Saturday, May 11, 2013

Boston commercial real estate -- now officially all the way back... (Blog Post No. 2013-5)


Unshrouded at last -- Restarting work on the Burnham Building officially
signals the end of the downturn.

Faithful readers of this weblog may recall that your correspondent referred, albeit somewhat in passing, to the "Filene's Pit" in a post just over year ago about the commencement of construction on the Millennium residential project at Hayward Place. At the time, the reference was to the that fact that the Filene's Pit (a.k.a., "One Franklin") remained just that - a pit - as it had stood since the fall of 2008, when construction abruptly halted and the half-demolished rear of the Burnham Building was unceremoniously shrouded in tarp as a result of the real estate and equities market meltdown. The fact that the Burnham Building, the heart and soul of the old Filene's department store assemblage, is now being unshrouded and construction re-started on the project is the unofficial signal that, ladies and gentlemen, commercial real estate in Boston is all the way back. In the language of the CPI Index, if 2008 = 100, then 2013 = 100 as well. Mojo now restored. Allow me to explain.

Filene's department store was unquestionably the leading symbol of downtown Boston for the entire 20th century. Edward Filene is well-known for a number of innovations in the highly competitive urban department store industry, but for RTUF, his importance lies in commissioning Daniel Burnham, one of the major American architectural players of the early 20th century, to design a new home for the retailing behemoth that quite literally was the anchor for Downtown Crossing for decades. Burnham obliged with a fantastic piece of urban fabric - a building that defines its location as well as anything you're likely to find anywhere, made all the more poignant by Burnham's untimely death around the time of building's completion in 1912, leaving it his only work in Boston.

Fast forward almost a century, and Filene's fell on truly hard times in the early 2000s, losing ground to rivals and not finding its footing in the brutally discount-dominated market, and suffered the final indignity of being closed by their common parent company in favor of the Macy's (formerly the headquarters of arch-rival Jordan Marsh) across Summer Street. Still, at first, the future of the site looked bright, as local developer John Hynes, son of a former mayor of Boston and the hero of One Lincoln, brought Gale International and Vornado to the site, permitted it rapidly, and started demolition in early 2008. However, the fall of Lehman Brothers intervened within the year and construction activity halted, virtually on a dime, at the point at which (1) the incredibly crappy 2-3 story (does it matter, the thing had no windows to help us out?) modernistic concrete nonsense that stretched from the Burnham Building's side to Franklin Street, (2) the entire backside of the considerably more worthy edifice at the corner of Franklin and Hawley streets had been pulled off in a classic facade-ectomy, and (3) the resulting exposed sidewall of the Burnham Building was left to look, sadly, into the 2-3 story pit that had been dug to be the foundation of the new, cantilevering tower that was to rise above it all.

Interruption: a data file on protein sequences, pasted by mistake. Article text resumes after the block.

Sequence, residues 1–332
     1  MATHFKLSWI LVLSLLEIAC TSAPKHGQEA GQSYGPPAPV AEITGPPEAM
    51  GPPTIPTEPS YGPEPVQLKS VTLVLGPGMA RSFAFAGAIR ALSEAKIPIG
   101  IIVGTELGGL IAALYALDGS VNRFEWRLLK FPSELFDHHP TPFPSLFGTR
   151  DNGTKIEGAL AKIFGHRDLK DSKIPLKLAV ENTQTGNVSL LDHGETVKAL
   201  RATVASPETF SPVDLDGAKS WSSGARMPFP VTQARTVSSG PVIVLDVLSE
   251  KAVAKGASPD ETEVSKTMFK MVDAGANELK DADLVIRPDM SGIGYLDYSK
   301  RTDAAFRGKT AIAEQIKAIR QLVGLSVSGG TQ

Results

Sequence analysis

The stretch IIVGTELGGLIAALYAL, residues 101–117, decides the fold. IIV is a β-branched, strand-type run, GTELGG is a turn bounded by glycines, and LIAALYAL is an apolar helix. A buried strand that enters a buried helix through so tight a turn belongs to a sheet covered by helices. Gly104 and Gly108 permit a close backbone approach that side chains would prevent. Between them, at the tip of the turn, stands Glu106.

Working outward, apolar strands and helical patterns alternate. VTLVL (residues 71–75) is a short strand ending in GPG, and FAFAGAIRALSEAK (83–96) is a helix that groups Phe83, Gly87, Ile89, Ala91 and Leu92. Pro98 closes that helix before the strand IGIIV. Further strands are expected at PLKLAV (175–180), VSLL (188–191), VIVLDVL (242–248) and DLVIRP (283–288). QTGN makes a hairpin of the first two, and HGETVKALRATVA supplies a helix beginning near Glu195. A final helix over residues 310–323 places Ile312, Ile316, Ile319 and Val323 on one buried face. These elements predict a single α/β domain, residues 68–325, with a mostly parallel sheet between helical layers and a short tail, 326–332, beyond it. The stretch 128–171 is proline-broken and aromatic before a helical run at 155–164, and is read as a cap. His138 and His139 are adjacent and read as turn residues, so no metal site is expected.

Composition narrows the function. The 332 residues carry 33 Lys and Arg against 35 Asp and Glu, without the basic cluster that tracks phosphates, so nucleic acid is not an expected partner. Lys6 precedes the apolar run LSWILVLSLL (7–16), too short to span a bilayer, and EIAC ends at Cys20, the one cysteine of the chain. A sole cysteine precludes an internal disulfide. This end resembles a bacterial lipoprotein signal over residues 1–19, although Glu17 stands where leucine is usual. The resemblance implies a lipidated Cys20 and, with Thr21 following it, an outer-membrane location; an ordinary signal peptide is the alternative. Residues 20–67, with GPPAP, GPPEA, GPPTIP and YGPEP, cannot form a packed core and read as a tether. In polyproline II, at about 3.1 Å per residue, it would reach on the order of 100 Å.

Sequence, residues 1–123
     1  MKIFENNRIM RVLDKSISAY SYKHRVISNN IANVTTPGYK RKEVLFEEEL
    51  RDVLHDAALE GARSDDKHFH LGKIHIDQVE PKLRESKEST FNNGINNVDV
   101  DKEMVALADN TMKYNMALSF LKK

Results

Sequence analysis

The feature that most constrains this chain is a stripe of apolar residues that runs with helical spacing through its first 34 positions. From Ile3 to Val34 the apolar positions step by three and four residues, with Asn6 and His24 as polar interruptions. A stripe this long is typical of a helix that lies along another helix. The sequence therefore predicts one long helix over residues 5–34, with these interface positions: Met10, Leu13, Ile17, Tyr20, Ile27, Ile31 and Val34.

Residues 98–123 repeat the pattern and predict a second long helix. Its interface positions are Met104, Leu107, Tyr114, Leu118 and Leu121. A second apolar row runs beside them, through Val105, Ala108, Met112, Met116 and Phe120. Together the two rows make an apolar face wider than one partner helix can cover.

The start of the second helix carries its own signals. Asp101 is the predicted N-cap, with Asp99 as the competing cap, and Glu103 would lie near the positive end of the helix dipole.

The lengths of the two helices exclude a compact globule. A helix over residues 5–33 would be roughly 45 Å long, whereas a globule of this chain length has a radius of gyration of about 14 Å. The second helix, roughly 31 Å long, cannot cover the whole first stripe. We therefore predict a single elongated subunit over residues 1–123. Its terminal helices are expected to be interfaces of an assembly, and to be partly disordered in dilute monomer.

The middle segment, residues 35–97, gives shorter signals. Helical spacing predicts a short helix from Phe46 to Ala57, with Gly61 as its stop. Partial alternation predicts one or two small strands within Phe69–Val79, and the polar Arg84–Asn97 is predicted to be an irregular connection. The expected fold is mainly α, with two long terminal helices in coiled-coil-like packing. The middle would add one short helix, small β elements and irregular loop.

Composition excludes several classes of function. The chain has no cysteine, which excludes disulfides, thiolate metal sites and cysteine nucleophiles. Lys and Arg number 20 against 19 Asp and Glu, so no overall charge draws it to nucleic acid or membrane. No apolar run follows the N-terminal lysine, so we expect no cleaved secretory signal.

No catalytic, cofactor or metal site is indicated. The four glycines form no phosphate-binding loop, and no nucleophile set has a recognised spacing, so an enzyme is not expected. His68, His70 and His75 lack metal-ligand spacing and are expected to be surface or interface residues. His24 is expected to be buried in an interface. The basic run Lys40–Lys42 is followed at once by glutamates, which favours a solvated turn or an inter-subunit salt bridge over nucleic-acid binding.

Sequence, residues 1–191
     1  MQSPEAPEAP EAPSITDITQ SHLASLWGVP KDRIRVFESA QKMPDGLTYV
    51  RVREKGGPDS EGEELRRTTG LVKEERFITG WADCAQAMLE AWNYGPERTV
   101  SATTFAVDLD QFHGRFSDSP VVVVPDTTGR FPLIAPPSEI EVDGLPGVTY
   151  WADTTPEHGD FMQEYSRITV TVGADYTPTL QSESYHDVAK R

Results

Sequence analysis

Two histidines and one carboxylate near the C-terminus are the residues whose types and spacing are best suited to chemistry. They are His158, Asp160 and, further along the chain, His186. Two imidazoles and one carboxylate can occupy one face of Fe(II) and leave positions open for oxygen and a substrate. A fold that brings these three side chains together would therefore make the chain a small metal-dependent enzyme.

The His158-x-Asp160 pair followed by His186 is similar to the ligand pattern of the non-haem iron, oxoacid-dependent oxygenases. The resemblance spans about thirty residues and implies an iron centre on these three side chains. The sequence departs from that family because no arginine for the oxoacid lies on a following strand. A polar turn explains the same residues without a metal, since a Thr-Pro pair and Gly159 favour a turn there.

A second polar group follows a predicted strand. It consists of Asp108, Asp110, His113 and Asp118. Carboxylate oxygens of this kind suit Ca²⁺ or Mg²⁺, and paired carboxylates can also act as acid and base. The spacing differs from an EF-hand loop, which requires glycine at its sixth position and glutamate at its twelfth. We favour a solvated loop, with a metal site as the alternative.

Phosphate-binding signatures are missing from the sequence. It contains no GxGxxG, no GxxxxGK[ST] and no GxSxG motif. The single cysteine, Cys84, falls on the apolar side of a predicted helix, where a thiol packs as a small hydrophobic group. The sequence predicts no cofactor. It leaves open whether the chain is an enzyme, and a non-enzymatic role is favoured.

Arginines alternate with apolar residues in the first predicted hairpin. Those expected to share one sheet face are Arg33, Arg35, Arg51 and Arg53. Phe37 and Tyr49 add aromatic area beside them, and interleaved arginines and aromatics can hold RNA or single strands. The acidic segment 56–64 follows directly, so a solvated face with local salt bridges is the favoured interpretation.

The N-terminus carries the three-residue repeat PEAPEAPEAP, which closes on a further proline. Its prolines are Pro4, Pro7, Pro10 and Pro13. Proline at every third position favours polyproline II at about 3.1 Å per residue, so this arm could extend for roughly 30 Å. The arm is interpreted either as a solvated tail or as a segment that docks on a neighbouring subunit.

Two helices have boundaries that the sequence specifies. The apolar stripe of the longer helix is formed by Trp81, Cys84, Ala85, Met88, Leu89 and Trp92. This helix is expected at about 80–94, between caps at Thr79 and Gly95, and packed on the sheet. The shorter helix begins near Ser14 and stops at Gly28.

You have to admit, dear reader, that the story would be sad enough had it ended there and been picked up only this spring, but, alas, that was not so. No, in a kind of Greek tragedy-cum-nightmare, the resulting blighting influence of the Filene's Pit was made all the more acute by the resulting feud between Vornado and the Mayor over a purported quote from Vornado's chief executive to the effect (and I paraphrase) that in some cases it might strategically make sense to leave blighted sites blighted in order to incentivize the affected municipality to come to the table with more subsidy to restart development. Needless to say, this did not sit well with the current occupant (you may have seen RTUF's recent pre-valedictory to the Mayor in late March here), who took this kind of talk personally, and effectively demanded that Vornado step off the job if anything was ever going to happen once the worm turned. Well, before the worm turned, Vornado and Gale ceded control to Millennium Partners (our friends from down the street at Hayward Place), who redesigned the old cantilevered tower, making it taller and simpler, and have now, at long last, restarted construction on the Filene's Pit. Downturn now officially, for those of you keeping score at home (as Lindsey Nelson used to say on Channel 9, immediately after a play had been officially scored), OVER.

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